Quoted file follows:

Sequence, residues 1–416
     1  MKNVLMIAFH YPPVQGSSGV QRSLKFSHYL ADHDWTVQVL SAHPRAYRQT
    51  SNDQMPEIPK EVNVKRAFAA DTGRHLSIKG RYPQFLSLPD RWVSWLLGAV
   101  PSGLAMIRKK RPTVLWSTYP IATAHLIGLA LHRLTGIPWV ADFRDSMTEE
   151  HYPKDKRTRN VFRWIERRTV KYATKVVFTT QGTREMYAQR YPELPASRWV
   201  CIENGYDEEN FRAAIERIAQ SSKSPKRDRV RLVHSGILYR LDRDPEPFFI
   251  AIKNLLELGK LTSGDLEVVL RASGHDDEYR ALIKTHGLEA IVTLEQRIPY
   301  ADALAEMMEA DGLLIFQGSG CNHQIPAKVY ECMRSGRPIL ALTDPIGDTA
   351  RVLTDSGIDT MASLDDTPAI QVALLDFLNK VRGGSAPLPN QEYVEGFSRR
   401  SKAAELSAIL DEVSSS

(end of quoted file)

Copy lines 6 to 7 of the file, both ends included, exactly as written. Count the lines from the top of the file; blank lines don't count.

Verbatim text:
   201  CIENGYDEEN FRAAIERIAQ SSKSPKRDRV RLVHSGILYR LDRDPEPFFI
   251  AIKNLLELGK LTSGDLEVVL RASGHDDEYR ALIKTHGLEA IVTLEQRIPY